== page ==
The cultivating of fish and shellfish in artificial ponds has increased dramatically in the last few decades, apace with the ever greater depletion of fish stocks in the oceans. International aid organizations, working with local governments, have made major commitments to expanding aquaculture in the hope that such activities would alleviate poverty and spur economic growth in these areas. But the Swedish human geographer Daniel A. Bergquist has shown, using Sri Lanka and the Philippines as examples, that a major portion of the local population is excluded from these activities and continue to be just as poor as ever.
"The winners are the local elites," he says.
What's more, aquaculture entails serious consequences for the environment. When mangrove forests are cut down to make way for shrimp and fish ponds, the ecosystem is affected. These environmental problems, in turn, impact aquaculture, and entire harvests can be lost.A large part of the explanation for today's situation, according to Daniel A. Bergquist, can be sought in the methods that are used to evaluate what it really costs to cultivate shrimp and fish. These methods are faulty,
would need to be more than five times higher than it is today for the environment and the local population to receive fair compensation for their input."One contributory factor is found in the faulty global market mechanisms that lead to growing inequities in the distribution of resources, profits, and costs between the northern and southern hemispheres. Aquaculture is a clear example of how the colonization of the southern hemisphere is still going on, finding new avenues via globalization and international trade,"
says Daniel A. Berguist.
His study also shows how it is possible to use alternative methods to bring to light this unfair and unsustainable exchange, through interdisciplinary analysis, comparison, and visualization of the situations in Sri Lanka and the Philippines.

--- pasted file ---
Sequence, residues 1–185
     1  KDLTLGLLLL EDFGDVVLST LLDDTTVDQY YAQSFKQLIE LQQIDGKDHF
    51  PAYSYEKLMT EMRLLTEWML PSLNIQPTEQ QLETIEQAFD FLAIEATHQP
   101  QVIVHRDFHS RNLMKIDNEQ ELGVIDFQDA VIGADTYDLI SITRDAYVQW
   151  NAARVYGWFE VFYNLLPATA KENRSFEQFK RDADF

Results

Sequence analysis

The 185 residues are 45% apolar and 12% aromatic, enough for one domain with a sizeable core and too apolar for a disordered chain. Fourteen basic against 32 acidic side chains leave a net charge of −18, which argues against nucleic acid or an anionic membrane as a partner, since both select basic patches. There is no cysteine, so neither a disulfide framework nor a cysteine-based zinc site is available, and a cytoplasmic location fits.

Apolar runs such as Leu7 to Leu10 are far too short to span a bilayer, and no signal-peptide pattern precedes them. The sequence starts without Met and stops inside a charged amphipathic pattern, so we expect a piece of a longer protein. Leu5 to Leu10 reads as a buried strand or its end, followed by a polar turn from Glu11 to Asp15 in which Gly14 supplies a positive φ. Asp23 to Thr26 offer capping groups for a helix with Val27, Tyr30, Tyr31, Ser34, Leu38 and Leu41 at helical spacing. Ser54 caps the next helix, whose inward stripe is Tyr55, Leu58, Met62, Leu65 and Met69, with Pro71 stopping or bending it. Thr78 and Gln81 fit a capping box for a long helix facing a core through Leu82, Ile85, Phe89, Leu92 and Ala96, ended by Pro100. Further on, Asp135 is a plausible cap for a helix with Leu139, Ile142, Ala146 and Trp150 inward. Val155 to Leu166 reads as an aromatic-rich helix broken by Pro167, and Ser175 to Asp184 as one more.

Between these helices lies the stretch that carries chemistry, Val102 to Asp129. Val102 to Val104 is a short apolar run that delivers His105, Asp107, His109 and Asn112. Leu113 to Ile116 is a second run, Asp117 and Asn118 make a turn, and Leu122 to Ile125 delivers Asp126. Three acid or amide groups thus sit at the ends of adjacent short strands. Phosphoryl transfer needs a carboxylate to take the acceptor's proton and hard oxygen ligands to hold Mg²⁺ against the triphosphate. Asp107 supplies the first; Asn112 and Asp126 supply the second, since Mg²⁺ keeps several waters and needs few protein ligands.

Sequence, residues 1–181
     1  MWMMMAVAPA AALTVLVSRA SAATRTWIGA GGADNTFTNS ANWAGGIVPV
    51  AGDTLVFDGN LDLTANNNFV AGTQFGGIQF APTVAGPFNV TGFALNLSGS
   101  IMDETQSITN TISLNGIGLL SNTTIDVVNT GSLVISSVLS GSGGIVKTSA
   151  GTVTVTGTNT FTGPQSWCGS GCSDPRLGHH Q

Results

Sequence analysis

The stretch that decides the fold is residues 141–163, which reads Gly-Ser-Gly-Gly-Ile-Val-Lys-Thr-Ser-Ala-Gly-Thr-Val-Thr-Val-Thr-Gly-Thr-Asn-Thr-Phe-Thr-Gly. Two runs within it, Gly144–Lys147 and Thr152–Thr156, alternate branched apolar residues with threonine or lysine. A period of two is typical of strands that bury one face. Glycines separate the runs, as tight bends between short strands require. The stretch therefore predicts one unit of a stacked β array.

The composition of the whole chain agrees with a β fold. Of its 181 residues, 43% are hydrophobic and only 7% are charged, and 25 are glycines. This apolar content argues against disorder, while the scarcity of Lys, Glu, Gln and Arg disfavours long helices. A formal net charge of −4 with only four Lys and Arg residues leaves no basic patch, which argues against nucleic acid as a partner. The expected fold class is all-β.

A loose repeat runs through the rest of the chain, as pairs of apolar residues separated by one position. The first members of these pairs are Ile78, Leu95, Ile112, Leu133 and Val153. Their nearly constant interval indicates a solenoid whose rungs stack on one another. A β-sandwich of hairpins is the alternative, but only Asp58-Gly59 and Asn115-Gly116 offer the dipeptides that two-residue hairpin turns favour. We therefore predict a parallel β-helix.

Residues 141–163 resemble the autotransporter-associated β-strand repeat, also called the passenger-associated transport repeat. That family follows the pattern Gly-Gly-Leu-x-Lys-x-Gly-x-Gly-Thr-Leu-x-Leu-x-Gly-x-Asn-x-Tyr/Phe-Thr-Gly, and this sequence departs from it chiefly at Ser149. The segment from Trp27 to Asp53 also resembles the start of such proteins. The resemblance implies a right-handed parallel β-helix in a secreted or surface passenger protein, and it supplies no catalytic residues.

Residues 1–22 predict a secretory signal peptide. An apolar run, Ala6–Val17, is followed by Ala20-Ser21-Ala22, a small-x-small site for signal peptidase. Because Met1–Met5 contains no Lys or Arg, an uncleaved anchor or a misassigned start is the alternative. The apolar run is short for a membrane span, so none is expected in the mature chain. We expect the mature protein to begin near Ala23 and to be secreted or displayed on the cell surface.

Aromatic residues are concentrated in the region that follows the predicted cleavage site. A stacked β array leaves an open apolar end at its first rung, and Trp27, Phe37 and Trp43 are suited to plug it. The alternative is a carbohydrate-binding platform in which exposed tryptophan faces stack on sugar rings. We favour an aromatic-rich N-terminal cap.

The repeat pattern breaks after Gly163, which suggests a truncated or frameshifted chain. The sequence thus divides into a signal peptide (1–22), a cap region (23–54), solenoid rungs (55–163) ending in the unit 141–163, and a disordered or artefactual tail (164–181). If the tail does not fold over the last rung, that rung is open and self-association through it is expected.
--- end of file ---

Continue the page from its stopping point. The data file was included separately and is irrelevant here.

Daniel A. Bergquist's dissertation will be publicly defended at Uppsala University on February 15.
Press pictures are available at http://www.uu.se/news/news_item.php?typ=press&id=58
For more information, please contact Daniel A. Bergquist, cell phone: +46 (0)70-754 29 09; e-mail: Daniel.Bergquist@kultgeog.uu.se
Johanna Blomqvist | idw
Are cover crops negatively impacting row crops?
30.07.2020 | American Society of Agronomy
Space to grow, or grow in space -- how vertical farms could be ready to take-off
14.07.2020 | John Innes Centre
Scientists at the Fraunhofer Institute for Laser Technology ILT have come up with a striking new addition to contact stamping technologies in the ERDF research project ScanCut. In collaboration with industry partners from North Rhine-Westphalia, the Aachen-based team of researchers developed a hybrid manufacturing process for the laser cutting of thin-walled metal strips. This new process makes it possible to fabricate even the tiniest details of contact parts in an eco-friendly, high-precision and efficient manner.
Plug connectors are tiny and, at first glance, unremarkable – yet modern vehicles would be unable to function without them. Several thousand plug connectors...
An international research team has found a new approach that may be able to reduce bone loss in osteoporosis and maintain bone health.
Osteoporosis is the most common age-related bone disease which affects hundreds of millions of individuals worldwide. It is estimated that one in three women...
Traditional single-cell sequencing methods help to reveal insights about cellular differences and functions - but they do this with static snapshots only...
“Core-shell” clusters pave the way for new efficient nanomaterials that make catalysts, magnetic and laser sensors or measuring devices for detecting electromagnetic radiation more efficient.
Whether in innovative high-tech materials, more powerful computer chips, pharmaceuticals or in the field of renewable energies, nanoparticles – smallest...
An international research team with Prof. Cornelia Denz from the Institute of Applied Physics at the University of Münster develop for the first time light fields using caustics that do not change during propagation. With the new method, the physicists cleverly exploit light structures that can be seen in rainbows or when light is transmitted through drinking glasses.
Modern applications as high resolution microsopy or micro- or nanoscale material processing require customized laser beams that do not change during...
23.07.2020 | Event News
21.07.2020 | Event News
07.07.2020 | Event News
06.08.2020 | Earth Sciences
06.08.2020 | Power and Electrical Engineering
06.08.2020 | Life Sciences